For more than 30 years, Chief Leschi Schools in Washington’s Puyallup Valley has been preparing students to walk in two worlds—to become productive members of both the tribal community and the larger society through strong academic learning along with an understanding of the history and culture of the Puyallup Tribe of Indians from which they come.
The disruptive nature of the pandemic meant that Chief Leschi Schools needed to take a new approach. A partnership with Verizon helped the school continue to fulfill its mission by supporting its remote learning capabilities and transforming the way teachers, students and parents connect and collaborate.Download the case study
The largest tribal school in Washington state
Serves over 600 students from three counties
A digital transformation, disrupted.
The Chief Leschi campus architecture is suffused with symbols and concepts from the Northwest Coastal and Lakota nations, reflecting the more than 90 different tribes its students and staff represent. Though the campus is just one of almost 200 tribal schools across the US, it is the largest of seven in Washington, spanning 200,000 square feet.
Every aspect of the campus is designed to create a welcoming, nurturing environment for its 630 or so students, who come from three counties. Class sizes are kept small. Common campus areas, such as the gym and the cafeteria, lie closest to the Sacred Circle, which sits at the center and is meant to honor Mother Earth, and classrooms line its perimeter.
Situated some seven miles southeast of Tacoma and Commencement Bay, the elementary and secondary schools are surrounded by the beauty of the natural world. Mount Rainier rises in the distance.
But the campus’s remoteness and the often difficult terrain surrounding it can make getting to school a challenge. Hour-long bus rides to and from the schools are common.
Looking to better serve its students, Chief Leschi was already on a path to digital transformation even before the novel coronavirus emerged in early 2020, according to superintendent Marc Brouillet.
“We knew we were missing some opportunities—not time for direct instruction, necessarily, but time for students to do their homework,” he said.
The original vision was to issue mobile devices to students and equip buses with Wi-Fi, letting students take advantage of their commute to build upon what they had learned in the classroom. Given that Chief Leschi Schools serves preschoolers all the way up through high school seniors, that kind of initiative requires careful planning to ensure that technology solutions are rolled out in an efficient, cost-effective way. The leadership team developed a strategy that it would carry out over a three-year period.
Then March came, and the three-year time frame collapsed into three weeks.
“We knew we were missing some opportunities—not time for direct instruction, necessarily, but time for students to do their homework.”
Superintendent, Chief Leschi Schools
Roadblocks to equity and access in remote learning.
Shutting down classrooms had an immediate and challenging impact on people like Jenny Roy, who was suddenly in charge of home-schooling her grandchildren, all while holding down her day job. In the early days of the pandemic, the immediate barriers were only too obvious.
“I would try to help them, but the way teachers teach the kids now is totally different from how I learned things like algebra,” Roy said. “I would show my granddaughter how to get the right answer using my way, and she would say, ‘I kind of like your way, but I kind of don’t.”
Back at Chief Leschi Schools, the team wanted to help, but it was in the same limbo as everyone else.
“When school was dismissed on March 17, we were on hold for two months,” Brouillet said. “And then the state made the determination that we were not coming back [for that academic year]. We had been doing what quite a lot of districts had been doing—sending out packets of materials to students at home. The problem is that those packets were really just busywork that didn’t provide a lot in the way of instruction.”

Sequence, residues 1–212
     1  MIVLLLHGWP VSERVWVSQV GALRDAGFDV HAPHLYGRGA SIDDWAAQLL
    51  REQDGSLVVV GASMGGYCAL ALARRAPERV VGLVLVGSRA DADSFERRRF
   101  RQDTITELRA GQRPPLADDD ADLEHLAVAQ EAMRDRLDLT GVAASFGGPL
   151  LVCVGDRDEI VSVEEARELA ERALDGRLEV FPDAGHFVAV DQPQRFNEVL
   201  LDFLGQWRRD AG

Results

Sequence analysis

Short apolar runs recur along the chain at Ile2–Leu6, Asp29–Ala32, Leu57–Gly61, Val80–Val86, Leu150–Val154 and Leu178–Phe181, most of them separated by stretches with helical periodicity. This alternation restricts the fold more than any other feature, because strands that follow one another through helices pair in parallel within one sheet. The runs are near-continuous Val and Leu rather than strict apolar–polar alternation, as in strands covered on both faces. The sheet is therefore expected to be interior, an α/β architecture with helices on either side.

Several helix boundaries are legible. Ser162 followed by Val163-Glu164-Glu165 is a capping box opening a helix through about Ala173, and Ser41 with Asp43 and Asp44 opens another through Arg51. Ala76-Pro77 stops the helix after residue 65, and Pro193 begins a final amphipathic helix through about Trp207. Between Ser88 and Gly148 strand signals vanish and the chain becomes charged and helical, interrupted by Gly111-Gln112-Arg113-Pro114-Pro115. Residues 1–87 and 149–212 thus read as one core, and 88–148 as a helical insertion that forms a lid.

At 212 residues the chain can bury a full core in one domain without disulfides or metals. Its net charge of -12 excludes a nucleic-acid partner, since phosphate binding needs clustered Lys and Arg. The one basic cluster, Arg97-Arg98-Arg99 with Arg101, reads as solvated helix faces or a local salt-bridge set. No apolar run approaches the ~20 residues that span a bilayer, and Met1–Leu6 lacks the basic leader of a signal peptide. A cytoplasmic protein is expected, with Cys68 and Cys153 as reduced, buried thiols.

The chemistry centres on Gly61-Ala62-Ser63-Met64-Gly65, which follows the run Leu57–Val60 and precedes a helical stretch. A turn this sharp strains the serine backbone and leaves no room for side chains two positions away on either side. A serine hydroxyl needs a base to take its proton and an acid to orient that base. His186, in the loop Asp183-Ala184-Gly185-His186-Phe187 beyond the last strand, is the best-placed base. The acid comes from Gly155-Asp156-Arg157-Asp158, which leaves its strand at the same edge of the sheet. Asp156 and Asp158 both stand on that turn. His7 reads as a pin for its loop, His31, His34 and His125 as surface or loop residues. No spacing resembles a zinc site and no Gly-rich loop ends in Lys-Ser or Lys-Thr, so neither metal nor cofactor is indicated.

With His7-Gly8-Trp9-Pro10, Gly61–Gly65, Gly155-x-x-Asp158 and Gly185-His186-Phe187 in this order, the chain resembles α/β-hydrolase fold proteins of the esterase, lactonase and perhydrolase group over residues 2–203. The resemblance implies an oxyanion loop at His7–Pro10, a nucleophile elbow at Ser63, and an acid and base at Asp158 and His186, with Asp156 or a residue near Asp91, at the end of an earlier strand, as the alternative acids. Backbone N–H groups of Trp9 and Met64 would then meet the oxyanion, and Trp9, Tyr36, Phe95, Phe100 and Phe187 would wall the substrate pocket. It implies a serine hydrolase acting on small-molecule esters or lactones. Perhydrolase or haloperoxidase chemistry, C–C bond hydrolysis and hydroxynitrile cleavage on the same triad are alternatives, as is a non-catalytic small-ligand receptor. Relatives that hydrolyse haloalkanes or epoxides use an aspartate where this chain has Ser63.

Brouillet said that the school was mindful about not overwhelming parents and their children at first; it began with half-day programs of live instructional time. Elementary school classes ran in the morning and secondary school classes in the afternoon in order not to overtax households with many children competing for Wi-Fi and other resources. Lessons were recorded so that students could access them later as needed. “We were trying to create a system that was helpful for the family without always knowing what their needs were,” Brouillet said.
For Jeannine Medvedich, Chief Leschi Schools’ chief academic officer, remote learning was not simply about offering education continuity. It was about equity.
“We couldn’t roll out a program that every kid couldn’t access,” she said. “The biggest hurdle for us was to say, what is available to our kids, and even if we got them a device, would they be able to utilize that device when they have a number of other kids in the home?”
Chief Leschi serves many households without access to cable internet, for example, Medvedich said. Wi-Fi is an obvious solution, but the school couldn’t find the equipment needed to set up hotspots.
“We were running into roadblocks,” Medvedich said. “The equipment we were looking at was back-ordered for months, and realistically it wouldn’t have come in until May or June.”
Perhaps worse, some of the vendors Chief Leschi Schools had approached were stipulating one-year subscriptions, regardless of how remote learning would need to scale.
“Remote learning was not simply about offering education continuity. It was about equity.”
Chief Academic Officer, Chief Leschi Schools
How speed and flexibility helped level the playing field.
Until governmental coronavirus relief grants became available, Chief Leschi Schools had to underwrite any remote learning projects on its own. That meant finding a partner that could maximize its resources was essential.
Verizon was already providing cellular service to Chief Leschi Schools, but as the pandemic unfolded, Brouillet said that Verizon reached out to see how it could help support the school’s remote learning efforts.
In response, Verizon equipped families who didn’t have Wi-Fi with the mobile hotspots they needed. Verizon also provided remote connectivity with 4G LTE on remote learning devices and tools and unlimited data plans to students without home Wi-Fi.
“Verizon gave us flexibility in purchasing the hotspots and then activating them based on our need. That was what really created a level playing field for us,” Medvedich said.
Given that it was already using myriad products and services from Microsoft, Chief Leschi Schools standardized Microsoft Teams as its distance learning video tool. It issued students Microsoft Surface devices, Hewlett-Packard laptops—whatever was available.